Dr. Kina Mallard, Reinhardt University’s first woman president, is already at home in her new role and her new space.
By Rebecca Johnston
Photograhy by Kathryn Ingall
When Mallard and husband Steve Dietz first stepped onto the campus in Waleska they knew they made the right decision in choosing Reinhardt for the next step in the new college president’s career.
A key component for the couple in making a decision on where Mallard would like to accept a position was to find a school were the president and her family could be connected to campus life.
The opportunity to live on campus in the president’s home, at the center of everything, made the choice of Reinhardt even easier for Mallard and her husband.
“This is a beautiful university in a park. We love to just walk or drive across campus. And we love the convenience to have meals with the students,” Mallard said. “Everything we need is right here. We walk each day, we walk our dogs, and enjoy the opportunity to chat with students and faculty.”
Mallard’s husband agrees that being in touch with campus life is key.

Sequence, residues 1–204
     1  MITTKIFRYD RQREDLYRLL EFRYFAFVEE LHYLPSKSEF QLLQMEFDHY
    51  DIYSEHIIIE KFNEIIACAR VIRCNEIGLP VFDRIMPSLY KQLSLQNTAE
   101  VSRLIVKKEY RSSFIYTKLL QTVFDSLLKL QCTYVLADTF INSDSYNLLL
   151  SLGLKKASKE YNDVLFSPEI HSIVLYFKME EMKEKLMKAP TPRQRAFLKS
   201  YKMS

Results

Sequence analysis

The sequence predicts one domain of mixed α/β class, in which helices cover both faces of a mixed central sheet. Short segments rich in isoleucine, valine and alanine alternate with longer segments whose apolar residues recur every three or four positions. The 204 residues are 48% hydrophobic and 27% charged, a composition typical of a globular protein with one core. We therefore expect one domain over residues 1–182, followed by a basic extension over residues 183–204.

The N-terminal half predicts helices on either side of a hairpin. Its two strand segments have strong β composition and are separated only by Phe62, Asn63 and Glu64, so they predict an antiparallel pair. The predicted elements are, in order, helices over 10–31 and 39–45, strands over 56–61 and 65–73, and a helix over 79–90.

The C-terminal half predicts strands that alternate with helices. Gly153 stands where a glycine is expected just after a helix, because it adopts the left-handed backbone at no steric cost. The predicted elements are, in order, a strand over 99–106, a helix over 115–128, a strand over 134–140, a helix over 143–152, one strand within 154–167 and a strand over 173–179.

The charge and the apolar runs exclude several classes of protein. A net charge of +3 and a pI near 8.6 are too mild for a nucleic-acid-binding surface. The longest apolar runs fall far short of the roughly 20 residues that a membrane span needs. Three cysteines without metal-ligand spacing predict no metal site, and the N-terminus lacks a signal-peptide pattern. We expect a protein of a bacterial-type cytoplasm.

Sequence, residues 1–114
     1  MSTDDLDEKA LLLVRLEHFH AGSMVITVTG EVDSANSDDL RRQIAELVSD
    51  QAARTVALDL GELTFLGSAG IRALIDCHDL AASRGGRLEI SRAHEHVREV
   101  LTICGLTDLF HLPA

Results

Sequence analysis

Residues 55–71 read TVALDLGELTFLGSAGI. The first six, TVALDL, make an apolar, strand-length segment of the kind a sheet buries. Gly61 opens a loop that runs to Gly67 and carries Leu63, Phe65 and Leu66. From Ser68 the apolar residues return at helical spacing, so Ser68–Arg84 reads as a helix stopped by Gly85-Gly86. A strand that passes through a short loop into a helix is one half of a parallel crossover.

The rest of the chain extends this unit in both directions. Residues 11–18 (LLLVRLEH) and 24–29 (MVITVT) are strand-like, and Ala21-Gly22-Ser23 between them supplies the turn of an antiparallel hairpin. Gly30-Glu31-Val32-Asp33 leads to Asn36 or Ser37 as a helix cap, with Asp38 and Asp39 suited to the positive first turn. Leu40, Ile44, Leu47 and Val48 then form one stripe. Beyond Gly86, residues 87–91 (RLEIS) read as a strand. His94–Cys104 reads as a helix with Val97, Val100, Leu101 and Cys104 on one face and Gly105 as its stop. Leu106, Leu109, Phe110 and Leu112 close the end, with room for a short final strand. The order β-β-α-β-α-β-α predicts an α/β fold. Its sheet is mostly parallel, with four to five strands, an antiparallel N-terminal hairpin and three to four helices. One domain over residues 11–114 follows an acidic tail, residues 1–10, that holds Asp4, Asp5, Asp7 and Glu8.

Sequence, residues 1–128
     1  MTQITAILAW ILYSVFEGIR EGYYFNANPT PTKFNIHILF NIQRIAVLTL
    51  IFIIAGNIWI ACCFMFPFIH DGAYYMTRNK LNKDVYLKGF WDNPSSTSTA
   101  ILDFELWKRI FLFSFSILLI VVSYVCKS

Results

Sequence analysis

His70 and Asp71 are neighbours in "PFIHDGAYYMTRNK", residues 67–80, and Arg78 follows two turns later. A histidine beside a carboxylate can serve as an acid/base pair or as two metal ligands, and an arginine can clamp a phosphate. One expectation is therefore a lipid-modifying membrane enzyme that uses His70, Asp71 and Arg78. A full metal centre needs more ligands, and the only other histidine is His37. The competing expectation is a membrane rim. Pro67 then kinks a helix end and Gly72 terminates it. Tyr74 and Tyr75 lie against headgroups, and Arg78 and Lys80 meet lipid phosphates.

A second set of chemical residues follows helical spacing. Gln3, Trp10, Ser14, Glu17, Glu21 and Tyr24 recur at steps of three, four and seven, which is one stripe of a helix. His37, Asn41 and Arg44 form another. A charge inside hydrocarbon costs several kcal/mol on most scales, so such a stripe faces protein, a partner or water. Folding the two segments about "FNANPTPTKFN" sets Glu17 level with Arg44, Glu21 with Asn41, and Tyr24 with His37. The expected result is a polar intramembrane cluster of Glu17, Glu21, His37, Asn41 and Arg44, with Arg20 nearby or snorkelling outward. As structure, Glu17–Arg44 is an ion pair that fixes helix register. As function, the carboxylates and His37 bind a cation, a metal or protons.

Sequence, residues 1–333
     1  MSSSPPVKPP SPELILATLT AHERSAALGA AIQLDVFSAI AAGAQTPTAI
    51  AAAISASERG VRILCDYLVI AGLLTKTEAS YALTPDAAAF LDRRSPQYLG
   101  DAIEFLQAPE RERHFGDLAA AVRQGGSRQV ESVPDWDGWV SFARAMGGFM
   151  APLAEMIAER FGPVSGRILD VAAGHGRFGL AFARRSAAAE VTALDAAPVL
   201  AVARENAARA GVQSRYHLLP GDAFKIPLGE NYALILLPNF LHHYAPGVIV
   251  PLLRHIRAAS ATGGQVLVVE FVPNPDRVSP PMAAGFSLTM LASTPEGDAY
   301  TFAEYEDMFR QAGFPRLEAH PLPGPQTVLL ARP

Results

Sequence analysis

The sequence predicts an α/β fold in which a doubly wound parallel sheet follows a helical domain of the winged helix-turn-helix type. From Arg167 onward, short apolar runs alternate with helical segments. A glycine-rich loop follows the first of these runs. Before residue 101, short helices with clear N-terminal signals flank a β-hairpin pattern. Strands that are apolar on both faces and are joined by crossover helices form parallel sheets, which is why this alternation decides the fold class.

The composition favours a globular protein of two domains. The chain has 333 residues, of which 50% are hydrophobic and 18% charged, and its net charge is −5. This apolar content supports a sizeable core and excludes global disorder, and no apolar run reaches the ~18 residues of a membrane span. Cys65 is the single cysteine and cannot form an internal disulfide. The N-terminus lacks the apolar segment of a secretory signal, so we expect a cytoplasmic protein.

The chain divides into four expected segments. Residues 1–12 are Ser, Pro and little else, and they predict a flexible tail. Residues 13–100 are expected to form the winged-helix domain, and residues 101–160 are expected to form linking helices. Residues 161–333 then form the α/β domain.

“There are not many things we miss, the students are often inviting us to music performances and other activities on campus,” Dietz said. “That they want us is great.”
Named as president in February 2015, Mallard replaced Dr. Thomas Isherwood, who held the position for 13 years.
Mallard most recently spent five years as provost and vice president for academic affairs, then executive vice president and provost at Carson-Newman University in Jefferson City, Tennessee.
Isherwood’s parting suggestion was that improvements be made to the president’s home, which graces the crest of a tree-covered hill in the center of campus and greets visitors with a sweeping drive and impressive white columns.
The brick home was built in the 1970s and designed from a plan one of the college’s trustees had of his old home place.
In 1997, the trustee, Peter Knox Jr. offered an unexpected gift to the college — a new president’s home. The antebellum brick house was dedicated to Hal B. Wansley, a former chairman of the trustees.
The recent renovation includes a new roof, heating and air system, refinishing of the floors, replacement of the columns and shutters and interior decorating updates.
Martha Hasty, wife of Reinhardt Board of Trustees Chairman Billy Hasty, served as the designer for the project.
The interior design update includes modern touches that blend with the traditional furnishings, which were updated to reflect the freshened look of the home.
“We did the home in an updated traditional style, it is a very traditional home, and we worked to get it so that it could be enjoyed by the family, since they live there, and also serve as a place where students and faculty and others could come and feel at home,” the designer said.